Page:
The vulture and the little girl - Rare Historical Photos (2013) At: (Accessed 23/10/2023).

Wayback Machine (s.d.) At: (Accessed 24/10/2023).


Sontag, S., 1933-2004 (1977) On photography. New York : Farrar, Straus and Giroux, [1977] ©1977. At:

Doud, R. (1964) Oral history interview with Dorothea Lange, 1964 May 22 | Archives of American Art, Smithsonian Institution. [Text] At: (Accessed 24/10/2023).

Kit Ow Yeong, W. (2014) '‘Our Failure of Empathy’: Kevin Carter, Susan Sontag, and the Problems of Photography' In: Think Pieces: A Journal of the Arts, Humanities, and Social Sciences At: (Accessed 23/10/2023).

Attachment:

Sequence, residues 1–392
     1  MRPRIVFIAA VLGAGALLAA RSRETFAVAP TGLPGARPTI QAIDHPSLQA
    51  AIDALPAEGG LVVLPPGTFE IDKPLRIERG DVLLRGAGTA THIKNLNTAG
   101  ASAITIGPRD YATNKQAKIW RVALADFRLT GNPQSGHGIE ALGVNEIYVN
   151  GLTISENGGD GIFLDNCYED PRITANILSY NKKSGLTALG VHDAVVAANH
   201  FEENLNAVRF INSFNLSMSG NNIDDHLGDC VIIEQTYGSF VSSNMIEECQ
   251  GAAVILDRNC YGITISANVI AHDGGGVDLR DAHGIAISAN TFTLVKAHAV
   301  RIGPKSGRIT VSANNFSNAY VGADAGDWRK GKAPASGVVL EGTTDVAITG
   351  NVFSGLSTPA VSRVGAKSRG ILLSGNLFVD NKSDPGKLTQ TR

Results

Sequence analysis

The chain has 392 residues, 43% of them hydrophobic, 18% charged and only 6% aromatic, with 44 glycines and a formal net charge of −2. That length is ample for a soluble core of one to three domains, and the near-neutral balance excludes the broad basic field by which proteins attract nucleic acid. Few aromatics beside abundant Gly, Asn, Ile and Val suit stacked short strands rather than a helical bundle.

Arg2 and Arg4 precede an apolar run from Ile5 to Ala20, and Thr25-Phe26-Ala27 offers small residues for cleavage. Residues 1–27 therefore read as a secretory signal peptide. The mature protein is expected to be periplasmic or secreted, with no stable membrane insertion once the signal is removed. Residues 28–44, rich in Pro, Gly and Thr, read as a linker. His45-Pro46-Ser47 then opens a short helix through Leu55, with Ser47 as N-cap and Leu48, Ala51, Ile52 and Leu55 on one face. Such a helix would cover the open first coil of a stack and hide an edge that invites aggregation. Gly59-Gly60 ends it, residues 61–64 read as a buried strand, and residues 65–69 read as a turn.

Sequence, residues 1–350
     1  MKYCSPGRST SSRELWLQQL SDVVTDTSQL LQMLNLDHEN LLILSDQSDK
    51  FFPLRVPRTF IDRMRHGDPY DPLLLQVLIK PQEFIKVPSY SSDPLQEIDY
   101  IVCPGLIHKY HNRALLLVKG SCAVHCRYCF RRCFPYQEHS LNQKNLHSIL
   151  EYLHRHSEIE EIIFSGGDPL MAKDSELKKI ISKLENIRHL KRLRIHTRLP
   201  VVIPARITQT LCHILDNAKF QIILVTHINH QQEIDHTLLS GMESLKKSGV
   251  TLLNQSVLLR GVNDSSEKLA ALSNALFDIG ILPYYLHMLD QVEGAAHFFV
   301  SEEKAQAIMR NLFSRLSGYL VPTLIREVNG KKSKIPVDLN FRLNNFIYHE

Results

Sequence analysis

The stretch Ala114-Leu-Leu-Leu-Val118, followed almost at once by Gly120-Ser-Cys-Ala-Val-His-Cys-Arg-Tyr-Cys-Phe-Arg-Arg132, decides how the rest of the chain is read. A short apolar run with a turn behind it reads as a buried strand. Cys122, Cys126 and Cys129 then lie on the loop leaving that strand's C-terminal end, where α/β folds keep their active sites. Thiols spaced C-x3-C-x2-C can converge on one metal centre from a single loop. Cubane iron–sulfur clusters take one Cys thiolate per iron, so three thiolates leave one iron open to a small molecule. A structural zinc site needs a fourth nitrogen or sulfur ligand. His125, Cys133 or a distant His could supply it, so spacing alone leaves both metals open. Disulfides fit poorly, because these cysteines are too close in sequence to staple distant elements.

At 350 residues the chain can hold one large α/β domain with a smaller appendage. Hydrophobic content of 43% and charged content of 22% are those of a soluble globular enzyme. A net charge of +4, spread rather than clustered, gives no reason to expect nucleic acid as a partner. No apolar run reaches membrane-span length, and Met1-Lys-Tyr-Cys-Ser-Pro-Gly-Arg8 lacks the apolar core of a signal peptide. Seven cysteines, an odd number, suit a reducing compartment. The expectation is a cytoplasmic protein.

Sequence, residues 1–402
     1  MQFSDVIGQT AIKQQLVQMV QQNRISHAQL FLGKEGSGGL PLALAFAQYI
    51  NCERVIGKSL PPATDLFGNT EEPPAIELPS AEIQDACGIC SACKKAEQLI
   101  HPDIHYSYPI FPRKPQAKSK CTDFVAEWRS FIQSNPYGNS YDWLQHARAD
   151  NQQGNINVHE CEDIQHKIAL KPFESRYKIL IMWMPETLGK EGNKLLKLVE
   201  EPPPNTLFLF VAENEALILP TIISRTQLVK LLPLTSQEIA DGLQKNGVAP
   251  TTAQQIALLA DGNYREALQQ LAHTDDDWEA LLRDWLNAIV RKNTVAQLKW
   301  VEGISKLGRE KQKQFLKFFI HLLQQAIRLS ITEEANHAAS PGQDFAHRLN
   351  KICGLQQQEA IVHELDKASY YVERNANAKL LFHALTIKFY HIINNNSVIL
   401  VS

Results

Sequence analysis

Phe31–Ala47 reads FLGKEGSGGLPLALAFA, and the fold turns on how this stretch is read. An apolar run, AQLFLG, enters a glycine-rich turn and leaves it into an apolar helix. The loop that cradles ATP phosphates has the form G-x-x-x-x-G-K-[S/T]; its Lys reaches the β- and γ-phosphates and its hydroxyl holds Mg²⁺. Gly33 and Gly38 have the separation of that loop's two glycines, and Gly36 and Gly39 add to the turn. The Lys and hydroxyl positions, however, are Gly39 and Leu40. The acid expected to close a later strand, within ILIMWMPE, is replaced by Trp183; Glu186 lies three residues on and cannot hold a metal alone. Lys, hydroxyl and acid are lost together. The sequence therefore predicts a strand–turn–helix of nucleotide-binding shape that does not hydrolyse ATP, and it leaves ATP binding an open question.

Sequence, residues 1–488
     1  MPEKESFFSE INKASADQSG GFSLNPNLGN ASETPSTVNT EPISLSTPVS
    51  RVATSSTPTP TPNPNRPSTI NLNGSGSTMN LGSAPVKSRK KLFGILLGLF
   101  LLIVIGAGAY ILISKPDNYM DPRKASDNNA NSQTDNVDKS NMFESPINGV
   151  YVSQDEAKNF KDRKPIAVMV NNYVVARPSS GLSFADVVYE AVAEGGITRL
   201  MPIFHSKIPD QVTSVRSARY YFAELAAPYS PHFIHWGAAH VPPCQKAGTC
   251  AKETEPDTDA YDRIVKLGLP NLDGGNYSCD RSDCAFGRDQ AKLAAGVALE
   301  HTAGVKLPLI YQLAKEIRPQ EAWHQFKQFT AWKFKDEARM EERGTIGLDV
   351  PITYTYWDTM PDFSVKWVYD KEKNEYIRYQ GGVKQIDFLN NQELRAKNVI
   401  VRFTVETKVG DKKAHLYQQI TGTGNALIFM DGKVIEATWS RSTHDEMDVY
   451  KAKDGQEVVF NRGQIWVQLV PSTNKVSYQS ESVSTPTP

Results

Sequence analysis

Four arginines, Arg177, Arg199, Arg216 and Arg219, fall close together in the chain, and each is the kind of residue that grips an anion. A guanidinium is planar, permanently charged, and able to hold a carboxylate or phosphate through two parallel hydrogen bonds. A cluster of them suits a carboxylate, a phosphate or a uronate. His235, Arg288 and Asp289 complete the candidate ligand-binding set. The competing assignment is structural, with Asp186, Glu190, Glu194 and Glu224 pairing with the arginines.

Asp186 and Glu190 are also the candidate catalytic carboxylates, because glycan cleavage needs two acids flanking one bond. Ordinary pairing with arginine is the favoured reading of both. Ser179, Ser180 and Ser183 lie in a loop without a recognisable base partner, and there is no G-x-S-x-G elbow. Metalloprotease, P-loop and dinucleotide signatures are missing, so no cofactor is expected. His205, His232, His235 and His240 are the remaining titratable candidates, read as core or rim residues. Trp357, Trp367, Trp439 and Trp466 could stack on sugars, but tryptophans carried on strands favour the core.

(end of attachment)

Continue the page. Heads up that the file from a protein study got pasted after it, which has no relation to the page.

Were his priorities out of focus?, Stamets, Reena Shah (1994) At: (Accessed 23/10/2023).

Cate, F. H. (s.d.) THROUGH A GLASS DARKLY (full text). At: (Accessed 19/10/2023).

Holland, O. (2022) ‘Napalm Girl’ at 50: The story of the Vietnam War’s defining photo. At: (Accessed 31/10/2023).

NPPA (s.d.) Code of Ethics for Visual Journalists. At: (Accessed 28/03/2023).

Karnad, R. and Karnad, R. K. (2019) You’ll Never See the Iconic Photo of the ‘Afghan Girl’ the Same Way Again. At: (Accessed 17/10/2023).

Batty, D. (2022) 'Médecins Sans Frontières pulls images of teenage rape survivor after outcry' In: The Guardian 23/05/2022 At: (Accessed 18/10/2023).

‘I was gutted that I’d been such a coward’: photographers who didn’t step in to help (2012) In: The Guardian28/07/2012 At: 31/10/2023).

Vnuk, H. (2021) Kevin Carter took one of the most famous photos of all time. The following year, he was dead.At: (Accessed 31/10/2023).